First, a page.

Birthless. Deathless.

“There is a Light that lights every man that comes into the world. That Light is Eternal, All-Powerful and Imperishable. Only that which is subject to birth is subject to death. The Light is the extension of God into man. It is not born nor can it die.” ~ Douglas K. DeVorss , in Eulogy for Baird T. Spalding,  in The Life and Teachings of the Masters of the Far East, Volume 6.

……..


 

Piero Falci is an author and educator who believes that the inner work that leads to personal awakening and transformation is indispensable to create a wholesome world. He is an explorer of the mysteries of life who loves to observe, reflect, and write, and who not only strives to live a life that matters, but also hopes to inspire others to do the same. He is a promoter of peace who believes in advancing the idea that Heaven is here if we want it to be. He teaches mindfulness meditation, mindful living, and the acclaimed Mindfulness-Based Stress Reduction (MBSR) program as taught at the Center for Mindfulness in Medicine, Healthcare, and Society of the University of Massachusetts Medical School. He organizes Silent Peace Walks.


 

Take a look at these books at the Peaceful Ways online store

http://peacefulways.org/store/

Book Cover Image

– “Peaceful Ways – The Power of Making Your Wishes Come True”

Pay Attention Book Cover

– “Pay Attention! Be Alert! Discovering Your Route to Happiness”

Silent_Peace_Walk_Cover_for_Kindle

– “Silent Peace Walk”

www.PieroFalci.com

 

 

 

I Want to Not Want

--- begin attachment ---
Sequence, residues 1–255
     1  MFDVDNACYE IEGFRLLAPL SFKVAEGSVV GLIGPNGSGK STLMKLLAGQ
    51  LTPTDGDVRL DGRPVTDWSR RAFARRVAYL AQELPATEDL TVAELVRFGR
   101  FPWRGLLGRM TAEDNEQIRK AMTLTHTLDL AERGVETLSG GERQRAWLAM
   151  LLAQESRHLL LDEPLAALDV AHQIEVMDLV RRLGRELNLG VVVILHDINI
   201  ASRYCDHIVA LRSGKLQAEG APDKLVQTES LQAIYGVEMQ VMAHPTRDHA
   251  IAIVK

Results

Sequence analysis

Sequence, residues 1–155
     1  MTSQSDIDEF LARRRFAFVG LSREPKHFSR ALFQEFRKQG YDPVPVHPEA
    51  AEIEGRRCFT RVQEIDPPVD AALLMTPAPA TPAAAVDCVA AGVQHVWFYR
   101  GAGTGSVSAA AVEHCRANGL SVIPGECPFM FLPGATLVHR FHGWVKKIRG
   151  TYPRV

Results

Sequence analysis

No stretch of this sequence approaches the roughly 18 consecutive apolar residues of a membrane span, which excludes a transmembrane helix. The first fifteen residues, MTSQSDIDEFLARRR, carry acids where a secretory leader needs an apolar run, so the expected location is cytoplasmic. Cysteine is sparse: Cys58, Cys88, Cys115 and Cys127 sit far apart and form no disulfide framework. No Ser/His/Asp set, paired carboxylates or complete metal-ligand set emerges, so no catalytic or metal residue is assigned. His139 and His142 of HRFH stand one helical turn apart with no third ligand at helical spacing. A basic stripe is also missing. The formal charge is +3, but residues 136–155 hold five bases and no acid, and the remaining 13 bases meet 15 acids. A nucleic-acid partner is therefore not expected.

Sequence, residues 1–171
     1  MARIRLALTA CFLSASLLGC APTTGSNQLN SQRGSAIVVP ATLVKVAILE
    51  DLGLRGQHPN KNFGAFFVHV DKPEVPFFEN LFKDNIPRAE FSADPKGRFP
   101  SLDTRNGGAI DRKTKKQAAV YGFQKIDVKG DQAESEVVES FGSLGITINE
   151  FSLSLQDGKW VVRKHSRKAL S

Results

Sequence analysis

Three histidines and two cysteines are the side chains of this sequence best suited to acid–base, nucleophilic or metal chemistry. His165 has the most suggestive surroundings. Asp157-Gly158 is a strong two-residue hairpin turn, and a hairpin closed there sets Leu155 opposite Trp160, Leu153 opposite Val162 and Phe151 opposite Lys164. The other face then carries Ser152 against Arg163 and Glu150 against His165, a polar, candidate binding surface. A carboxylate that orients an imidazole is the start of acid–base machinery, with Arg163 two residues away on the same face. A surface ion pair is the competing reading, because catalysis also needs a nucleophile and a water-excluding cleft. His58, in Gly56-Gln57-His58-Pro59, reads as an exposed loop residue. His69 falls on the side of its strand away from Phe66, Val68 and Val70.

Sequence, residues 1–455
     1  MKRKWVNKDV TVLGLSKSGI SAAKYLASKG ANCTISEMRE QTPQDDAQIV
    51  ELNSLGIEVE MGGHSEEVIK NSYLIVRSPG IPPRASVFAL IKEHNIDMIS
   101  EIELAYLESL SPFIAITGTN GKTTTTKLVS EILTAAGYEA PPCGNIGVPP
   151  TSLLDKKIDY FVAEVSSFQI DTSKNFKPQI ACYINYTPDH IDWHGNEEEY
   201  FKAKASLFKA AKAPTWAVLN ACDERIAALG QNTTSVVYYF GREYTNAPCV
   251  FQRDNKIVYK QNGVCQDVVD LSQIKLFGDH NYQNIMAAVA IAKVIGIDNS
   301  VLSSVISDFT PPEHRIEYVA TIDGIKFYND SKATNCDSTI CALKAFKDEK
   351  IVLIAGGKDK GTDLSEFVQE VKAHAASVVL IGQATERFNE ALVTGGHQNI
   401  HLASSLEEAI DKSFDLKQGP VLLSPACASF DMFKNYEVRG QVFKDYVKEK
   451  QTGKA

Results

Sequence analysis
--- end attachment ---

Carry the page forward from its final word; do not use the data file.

So many desires and so much unrest created by this constant wanting! Is it possible to be content? Is it possible to want less? Is it possible to not want?

Well, I guess I am wanting something, right now. As I write these words, I want to understand, accept, and be at peace with the fact that perhaps I will always want, and that wanting is of the nature of being human. I want to understand, accept, and be at peace with the fact that in this life we will always be presented with choices, that our choices will bring about changes, and that change is the natural  movement of the Universe.

What else do I want?

I want to be aware of my likes and dislikes, my wants and don’t wants, my cravings and aversions, and practice to calmly tame my impulses and navigate through this ocean of desires.

Actually, I want to want less. Actually, I want to not want.

I want to be able to expand the amount of time between receiving a stimulus and choosing a response. I want to make thorough assessments, apply wise discernment, and improve my ability to make the best possible decisions.

I am encouraged by the unquestionable truth that all of us can make our lives better by consciously examining them. I want to remember always that “an unexamined life is not worth living,” and keep examining my existence. I want to be awake, alert, attentive, aware, and appreciative of what is going on in each present moment, enjoying the beauty that surrounds me, seeing the extraordinary in the ordinary, seeing magic, mystery, and miracles everywhere. I want to immerse myself in this moment, this one — not the previous one, nor the next one — knowing that if I do this, the best version of myself and the best life I can live will emerge naturally.

……..


 

Piero Falci is an author and educator who believes that the inner work that leads to personal awakening and transformation is indispensable to create a wholesome world. He is an explorer of the mysteries of life who loves to observe, reflect, and write, and who not only strives to live a life that matters, but also hopes to inspire others to do the same. He is a promoter of peace who believes in advancing the idea that Heaven is here if we want it to be. He teaches mindfulness meditation, mindful living, and the acclaimed Mindfulness-Based Stress Reduction (MBSR) program as taught at the Center for Mindfulness in Medicine, Healthcare, and Society of the University of Massachusetts Medical School. He organizes Silent Peace Walks.